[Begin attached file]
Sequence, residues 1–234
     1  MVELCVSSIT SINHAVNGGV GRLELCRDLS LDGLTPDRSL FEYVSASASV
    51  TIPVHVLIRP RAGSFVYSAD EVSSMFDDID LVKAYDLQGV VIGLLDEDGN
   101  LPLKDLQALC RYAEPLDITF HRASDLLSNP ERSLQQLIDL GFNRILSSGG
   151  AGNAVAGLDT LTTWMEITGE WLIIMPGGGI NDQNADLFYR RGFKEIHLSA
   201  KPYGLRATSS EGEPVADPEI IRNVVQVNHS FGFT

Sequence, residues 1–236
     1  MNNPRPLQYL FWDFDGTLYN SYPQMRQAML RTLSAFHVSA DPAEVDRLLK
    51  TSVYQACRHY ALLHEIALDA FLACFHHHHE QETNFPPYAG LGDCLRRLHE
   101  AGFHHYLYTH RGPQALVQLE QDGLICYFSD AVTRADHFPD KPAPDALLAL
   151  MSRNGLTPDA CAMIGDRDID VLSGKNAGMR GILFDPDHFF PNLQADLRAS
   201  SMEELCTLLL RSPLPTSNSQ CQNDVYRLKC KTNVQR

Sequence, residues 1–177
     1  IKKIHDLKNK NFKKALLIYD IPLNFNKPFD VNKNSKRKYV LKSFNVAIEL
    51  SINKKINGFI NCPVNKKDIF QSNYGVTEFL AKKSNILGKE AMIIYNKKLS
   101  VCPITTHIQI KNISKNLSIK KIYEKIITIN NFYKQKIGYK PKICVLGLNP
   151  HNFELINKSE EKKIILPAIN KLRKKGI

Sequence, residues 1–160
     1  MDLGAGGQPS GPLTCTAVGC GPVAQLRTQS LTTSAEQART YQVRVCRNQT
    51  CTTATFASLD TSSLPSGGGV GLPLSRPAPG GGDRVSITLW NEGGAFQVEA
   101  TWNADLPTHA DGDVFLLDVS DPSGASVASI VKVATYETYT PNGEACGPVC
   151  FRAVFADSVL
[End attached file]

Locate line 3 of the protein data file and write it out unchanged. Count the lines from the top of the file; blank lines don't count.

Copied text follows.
    51  TIPVHVLIRP RAGSFVYSAD EVSSMFDDID LVKAYDLQGV VIGLLDEDGN